Displaying items by tag: ACCC
The Australian Competition and Consumer Commission (ACCC) called for new regulations on Facebook, Google and other tech behemoths which could have far-reaching ramifications on their money-making procedures and their ability to choose which content consumers would consume.
The country’s competition watchdog devised some recommendations which, if confirmed, would be among the most restrictive towards tech giants. These recommendations were created in an effort to limit the power of these tech giants due to global concerns of their influence and various other issues such as anti-trust, privacy abuse and the role they play in spreading discriminatory content and misinforming the public.
The ACCC plans to issue its final report by the end of June, following its 18-month inquiry into the issue. This report is expected to comprise of various proposals pertaining to controls that will be imposed on tech giants which handle a large quantity of personal data to use for marketing purposes such as the use of algorithms to coordinate which advertisements to display to customers, which tailored search results will appear and other tailored content.
In the lengthy preliminary report which was issued in December last year, the ACCC raised concerns about the market power of tech companies like Facebook and Google and how their operations are characterized by a “lack of transparency”, especially with regards to the use of our data.
The report, which was initiated by the conservative government, read,: “We are at a critical point in considering the impact of digital platforms on society.” It also shed some light on the impact the tech giants had on Australia’s new industry.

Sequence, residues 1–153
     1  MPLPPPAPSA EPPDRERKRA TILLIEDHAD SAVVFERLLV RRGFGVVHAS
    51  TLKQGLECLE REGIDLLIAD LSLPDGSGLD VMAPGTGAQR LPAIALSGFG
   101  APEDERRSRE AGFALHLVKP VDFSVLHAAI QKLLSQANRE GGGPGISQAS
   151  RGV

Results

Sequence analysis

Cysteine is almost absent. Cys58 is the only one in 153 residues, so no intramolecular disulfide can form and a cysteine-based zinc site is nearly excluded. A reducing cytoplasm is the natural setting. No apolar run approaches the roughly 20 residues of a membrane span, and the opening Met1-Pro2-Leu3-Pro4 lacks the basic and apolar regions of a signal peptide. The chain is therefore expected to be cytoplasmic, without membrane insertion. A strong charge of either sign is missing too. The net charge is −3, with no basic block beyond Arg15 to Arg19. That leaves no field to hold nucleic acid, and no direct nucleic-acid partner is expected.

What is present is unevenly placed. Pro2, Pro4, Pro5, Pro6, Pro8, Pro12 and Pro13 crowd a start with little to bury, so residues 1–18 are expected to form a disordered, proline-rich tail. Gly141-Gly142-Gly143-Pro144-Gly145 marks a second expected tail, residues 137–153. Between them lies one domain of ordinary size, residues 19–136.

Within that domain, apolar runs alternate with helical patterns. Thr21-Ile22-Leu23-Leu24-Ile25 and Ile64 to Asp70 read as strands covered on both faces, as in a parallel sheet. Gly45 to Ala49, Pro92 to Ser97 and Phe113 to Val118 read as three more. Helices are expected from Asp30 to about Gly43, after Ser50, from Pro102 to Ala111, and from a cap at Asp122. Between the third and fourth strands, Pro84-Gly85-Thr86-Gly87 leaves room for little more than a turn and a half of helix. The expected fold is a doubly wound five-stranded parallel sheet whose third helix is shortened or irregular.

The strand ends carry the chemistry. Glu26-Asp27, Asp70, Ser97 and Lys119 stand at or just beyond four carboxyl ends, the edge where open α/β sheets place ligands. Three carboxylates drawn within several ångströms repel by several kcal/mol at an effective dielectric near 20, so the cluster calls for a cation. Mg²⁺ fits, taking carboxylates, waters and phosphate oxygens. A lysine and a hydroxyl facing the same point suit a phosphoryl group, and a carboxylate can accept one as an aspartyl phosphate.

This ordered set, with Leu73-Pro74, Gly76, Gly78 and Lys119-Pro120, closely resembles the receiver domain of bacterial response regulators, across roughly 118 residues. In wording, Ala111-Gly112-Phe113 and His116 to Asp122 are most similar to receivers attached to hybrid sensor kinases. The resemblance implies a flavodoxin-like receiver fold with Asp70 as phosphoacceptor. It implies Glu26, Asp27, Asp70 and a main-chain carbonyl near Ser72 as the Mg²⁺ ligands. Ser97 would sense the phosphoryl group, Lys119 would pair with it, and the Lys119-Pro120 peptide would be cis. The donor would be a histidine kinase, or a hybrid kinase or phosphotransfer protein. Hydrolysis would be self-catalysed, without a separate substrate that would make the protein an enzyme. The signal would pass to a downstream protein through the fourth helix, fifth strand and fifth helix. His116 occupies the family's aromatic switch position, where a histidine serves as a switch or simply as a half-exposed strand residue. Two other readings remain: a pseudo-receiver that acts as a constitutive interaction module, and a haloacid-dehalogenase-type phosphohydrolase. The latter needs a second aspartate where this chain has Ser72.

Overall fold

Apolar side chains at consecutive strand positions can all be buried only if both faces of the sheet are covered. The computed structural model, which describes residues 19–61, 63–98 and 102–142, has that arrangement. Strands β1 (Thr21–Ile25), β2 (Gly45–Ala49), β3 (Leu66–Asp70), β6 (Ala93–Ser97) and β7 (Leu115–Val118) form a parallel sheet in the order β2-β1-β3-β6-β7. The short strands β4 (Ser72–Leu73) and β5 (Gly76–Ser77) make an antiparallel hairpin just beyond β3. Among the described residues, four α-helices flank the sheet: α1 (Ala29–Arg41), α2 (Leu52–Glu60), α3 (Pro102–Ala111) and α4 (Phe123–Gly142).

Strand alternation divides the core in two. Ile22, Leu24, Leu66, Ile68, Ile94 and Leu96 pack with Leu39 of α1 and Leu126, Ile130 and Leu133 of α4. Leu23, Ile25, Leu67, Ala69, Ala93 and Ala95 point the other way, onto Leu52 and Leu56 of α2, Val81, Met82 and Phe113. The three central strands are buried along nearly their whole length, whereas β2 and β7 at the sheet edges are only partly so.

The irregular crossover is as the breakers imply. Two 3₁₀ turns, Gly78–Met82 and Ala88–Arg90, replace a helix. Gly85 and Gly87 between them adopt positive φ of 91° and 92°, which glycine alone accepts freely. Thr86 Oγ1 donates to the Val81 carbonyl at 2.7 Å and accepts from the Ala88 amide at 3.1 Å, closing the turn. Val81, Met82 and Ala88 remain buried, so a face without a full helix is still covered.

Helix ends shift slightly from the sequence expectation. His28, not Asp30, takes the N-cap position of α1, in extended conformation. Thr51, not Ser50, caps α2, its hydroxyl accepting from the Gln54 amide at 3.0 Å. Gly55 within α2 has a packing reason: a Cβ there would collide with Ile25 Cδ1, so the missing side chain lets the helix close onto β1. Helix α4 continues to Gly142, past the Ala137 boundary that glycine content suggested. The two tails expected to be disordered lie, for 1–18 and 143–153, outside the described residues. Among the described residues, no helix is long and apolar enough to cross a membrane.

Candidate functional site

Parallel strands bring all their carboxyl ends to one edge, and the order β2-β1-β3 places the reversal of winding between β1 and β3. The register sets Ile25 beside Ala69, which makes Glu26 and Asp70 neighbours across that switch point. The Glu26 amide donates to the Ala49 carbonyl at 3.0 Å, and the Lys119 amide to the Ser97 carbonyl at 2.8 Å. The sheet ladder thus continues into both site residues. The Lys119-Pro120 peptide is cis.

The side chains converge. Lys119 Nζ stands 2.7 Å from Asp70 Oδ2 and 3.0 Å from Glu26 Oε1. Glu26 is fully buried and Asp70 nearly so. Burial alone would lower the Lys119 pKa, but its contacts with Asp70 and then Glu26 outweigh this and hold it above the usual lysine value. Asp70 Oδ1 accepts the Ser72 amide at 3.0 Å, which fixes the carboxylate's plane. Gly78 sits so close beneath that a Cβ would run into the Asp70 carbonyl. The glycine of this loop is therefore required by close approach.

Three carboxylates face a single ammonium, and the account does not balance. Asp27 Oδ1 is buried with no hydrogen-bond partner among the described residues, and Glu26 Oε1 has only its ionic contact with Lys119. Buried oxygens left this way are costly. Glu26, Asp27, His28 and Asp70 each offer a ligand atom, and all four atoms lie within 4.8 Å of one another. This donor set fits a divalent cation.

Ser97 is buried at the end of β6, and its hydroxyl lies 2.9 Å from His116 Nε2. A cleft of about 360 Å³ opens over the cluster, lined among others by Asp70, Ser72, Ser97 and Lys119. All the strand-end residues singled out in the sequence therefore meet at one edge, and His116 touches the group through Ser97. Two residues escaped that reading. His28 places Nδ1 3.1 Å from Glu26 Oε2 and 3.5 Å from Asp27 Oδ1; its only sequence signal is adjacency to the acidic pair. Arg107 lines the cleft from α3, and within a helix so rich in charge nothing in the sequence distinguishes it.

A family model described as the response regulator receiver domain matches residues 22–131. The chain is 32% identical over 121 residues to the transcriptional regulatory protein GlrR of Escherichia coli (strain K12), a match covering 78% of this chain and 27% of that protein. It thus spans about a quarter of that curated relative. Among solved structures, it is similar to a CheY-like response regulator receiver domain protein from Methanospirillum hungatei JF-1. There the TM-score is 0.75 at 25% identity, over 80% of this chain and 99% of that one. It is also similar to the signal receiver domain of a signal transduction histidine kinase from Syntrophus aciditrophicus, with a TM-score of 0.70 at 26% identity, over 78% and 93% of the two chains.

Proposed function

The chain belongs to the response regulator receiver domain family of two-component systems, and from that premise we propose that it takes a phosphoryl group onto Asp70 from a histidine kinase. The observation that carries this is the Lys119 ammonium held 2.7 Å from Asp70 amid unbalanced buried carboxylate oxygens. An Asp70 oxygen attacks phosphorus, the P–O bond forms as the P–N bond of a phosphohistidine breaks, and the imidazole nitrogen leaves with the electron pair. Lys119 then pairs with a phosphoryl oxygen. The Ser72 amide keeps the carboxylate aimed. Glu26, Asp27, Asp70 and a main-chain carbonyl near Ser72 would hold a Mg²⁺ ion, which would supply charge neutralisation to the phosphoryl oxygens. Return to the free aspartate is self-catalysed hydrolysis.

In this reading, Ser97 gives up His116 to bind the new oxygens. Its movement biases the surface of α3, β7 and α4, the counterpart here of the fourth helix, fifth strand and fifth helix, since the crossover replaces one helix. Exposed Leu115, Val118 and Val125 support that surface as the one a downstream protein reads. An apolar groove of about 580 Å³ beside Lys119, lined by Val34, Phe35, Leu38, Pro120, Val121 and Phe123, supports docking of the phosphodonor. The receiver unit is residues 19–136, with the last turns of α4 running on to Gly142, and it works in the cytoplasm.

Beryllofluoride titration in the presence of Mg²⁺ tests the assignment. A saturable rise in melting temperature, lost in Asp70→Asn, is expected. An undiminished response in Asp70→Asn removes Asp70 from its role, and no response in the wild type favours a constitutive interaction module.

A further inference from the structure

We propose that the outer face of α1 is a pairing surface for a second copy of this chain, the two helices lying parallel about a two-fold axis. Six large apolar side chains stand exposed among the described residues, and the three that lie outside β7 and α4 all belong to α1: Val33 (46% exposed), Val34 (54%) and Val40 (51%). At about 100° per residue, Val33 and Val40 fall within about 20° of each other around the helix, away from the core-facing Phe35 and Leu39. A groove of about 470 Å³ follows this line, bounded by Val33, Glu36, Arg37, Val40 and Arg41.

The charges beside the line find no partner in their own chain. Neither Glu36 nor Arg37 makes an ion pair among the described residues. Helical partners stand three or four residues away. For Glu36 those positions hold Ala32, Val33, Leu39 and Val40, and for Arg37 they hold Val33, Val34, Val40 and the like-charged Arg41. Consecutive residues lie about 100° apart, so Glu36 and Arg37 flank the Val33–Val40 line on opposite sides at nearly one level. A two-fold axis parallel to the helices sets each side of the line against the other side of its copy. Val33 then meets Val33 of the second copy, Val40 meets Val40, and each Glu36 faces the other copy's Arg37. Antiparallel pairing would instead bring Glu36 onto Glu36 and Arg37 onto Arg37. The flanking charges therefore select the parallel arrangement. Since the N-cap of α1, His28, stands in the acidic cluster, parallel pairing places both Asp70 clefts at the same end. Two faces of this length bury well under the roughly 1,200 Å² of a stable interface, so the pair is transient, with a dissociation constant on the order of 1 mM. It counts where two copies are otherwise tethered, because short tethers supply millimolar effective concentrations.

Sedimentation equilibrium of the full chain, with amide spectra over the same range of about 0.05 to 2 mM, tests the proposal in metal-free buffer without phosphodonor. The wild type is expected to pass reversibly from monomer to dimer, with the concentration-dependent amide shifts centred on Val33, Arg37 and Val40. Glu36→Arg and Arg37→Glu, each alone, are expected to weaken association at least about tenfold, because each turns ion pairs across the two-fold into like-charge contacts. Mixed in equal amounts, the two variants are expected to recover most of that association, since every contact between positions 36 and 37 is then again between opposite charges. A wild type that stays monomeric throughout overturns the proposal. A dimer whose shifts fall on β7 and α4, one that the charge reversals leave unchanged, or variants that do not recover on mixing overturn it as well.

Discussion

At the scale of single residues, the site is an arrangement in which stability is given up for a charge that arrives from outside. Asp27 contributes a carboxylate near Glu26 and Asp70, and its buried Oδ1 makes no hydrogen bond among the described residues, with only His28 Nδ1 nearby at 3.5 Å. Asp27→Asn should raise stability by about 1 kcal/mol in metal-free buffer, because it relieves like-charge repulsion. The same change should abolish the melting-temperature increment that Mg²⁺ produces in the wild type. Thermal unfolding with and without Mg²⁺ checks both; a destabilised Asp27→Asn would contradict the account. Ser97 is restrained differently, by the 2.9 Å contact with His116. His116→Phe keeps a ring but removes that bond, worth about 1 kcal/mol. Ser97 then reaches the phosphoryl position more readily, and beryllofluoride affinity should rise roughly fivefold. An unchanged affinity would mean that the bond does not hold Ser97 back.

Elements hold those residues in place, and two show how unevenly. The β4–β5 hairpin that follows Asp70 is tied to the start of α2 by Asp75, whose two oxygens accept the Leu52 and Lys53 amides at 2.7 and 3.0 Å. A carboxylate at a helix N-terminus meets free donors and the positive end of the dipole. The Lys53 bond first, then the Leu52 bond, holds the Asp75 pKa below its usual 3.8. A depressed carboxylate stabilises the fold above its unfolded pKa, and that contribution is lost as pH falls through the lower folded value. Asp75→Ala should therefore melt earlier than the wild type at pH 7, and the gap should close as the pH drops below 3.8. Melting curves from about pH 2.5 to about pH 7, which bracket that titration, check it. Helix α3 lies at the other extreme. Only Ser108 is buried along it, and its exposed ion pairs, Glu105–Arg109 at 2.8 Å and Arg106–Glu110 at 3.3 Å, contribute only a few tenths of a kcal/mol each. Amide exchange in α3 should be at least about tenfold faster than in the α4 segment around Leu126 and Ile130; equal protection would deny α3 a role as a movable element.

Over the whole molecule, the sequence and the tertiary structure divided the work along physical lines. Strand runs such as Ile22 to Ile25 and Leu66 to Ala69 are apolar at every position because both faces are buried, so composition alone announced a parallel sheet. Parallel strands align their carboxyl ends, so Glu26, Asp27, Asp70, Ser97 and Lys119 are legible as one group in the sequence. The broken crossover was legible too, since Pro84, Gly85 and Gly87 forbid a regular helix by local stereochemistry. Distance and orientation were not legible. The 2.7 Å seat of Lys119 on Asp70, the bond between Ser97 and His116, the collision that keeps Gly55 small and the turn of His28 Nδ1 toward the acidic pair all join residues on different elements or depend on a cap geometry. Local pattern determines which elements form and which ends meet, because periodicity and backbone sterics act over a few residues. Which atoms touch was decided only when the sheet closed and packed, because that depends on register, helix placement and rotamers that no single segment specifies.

In fact, it was found that since 2014, two tech titans were receiving a huge fraction of the revenues generated from digital advertising which resulted in the number of newspapers and online journalists falling by over 20 per cent.
“While the ACCC recognizes their significant benefits to consumers and business, there are important questions to be asked about the role the global digital platforms play in the supply of news and journalism in Australia,” read the report.
The competition watchdog stated that it wanted to make sure the big firms did not “favor their own business interests, through their marketing power and presence across multiple markets”.
“There are also issues with the role of digital platforms in determining what news and information is accessed by Australians, how this information is provided, and its range and reliability.”
Rod Sims, ACCC chairman, stated that regulatory authorities In the UK, Europe and the U.S. were monitoring the outcome of their inquiry very closely as they are all still in the process of determining their policies regarding the issue.
Many are of the belief that the ACCC’s recommendations are impractical and a little radical.
Prime Minister Scott Morrison’s government has already begun to take action against the growing influence of Big Tech. This includes enabling criminal penalties for social media execs which allow the spread of violent or hateful content on their platforms.
Head of DIGI, the lobbying group formed by various tech behemoths to deal with the regulator, Sunit Bose, said, “We obviously need really clear rules for the internet that protect privacy, safety, the economic and social benefits of technology while also protecting competition and innovations.”